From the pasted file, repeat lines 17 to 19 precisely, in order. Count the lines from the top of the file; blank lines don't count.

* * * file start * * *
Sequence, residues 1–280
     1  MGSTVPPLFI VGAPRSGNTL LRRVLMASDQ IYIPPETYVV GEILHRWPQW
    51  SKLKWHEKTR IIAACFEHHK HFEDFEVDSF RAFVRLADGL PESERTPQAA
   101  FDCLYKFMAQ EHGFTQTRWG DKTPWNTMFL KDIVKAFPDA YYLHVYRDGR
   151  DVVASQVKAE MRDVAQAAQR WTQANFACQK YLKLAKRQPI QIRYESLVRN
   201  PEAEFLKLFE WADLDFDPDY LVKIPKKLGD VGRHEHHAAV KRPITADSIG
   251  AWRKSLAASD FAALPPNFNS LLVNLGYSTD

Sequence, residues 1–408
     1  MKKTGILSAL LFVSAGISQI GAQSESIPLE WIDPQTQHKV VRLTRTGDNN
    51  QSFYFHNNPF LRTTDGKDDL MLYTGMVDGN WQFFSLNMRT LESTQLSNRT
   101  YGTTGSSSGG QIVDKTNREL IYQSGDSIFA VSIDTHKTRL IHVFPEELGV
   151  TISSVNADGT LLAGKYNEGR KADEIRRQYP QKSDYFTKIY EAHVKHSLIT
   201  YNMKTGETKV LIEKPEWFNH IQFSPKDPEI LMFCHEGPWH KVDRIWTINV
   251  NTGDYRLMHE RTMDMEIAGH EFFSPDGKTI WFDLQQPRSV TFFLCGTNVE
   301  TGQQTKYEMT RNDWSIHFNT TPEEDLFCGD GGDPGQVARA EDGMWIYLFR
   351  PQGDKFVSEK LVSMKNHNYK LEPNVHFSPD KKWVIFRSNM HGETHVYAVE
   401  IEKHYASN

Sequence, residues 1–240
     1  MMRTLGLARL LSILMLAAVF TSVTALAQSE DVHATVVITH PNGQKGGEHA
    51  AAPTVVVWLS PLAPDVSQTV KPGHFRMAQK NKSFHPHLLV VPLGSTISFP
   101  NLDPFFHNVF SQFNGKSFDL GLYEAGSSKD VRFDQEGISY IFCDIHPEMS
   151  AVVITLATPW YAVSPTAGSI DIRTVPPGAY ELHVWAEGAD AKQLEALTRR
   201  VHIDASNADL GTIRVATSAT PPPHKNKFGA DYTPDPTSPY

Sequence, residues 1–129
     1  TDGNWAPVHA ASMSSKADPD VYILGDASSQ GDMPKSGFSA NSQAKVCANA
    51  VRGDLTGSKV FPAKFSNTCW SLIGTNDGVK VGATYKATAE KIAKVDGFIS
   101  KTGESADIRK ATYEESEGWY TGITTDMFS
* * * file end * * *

   401  IEKHYASN

Sequence, residues 1–240
     1  MMRTLGLARL LSILMLAAVF TSVTALAQSE DVHATVVITH PNGQKGGEHA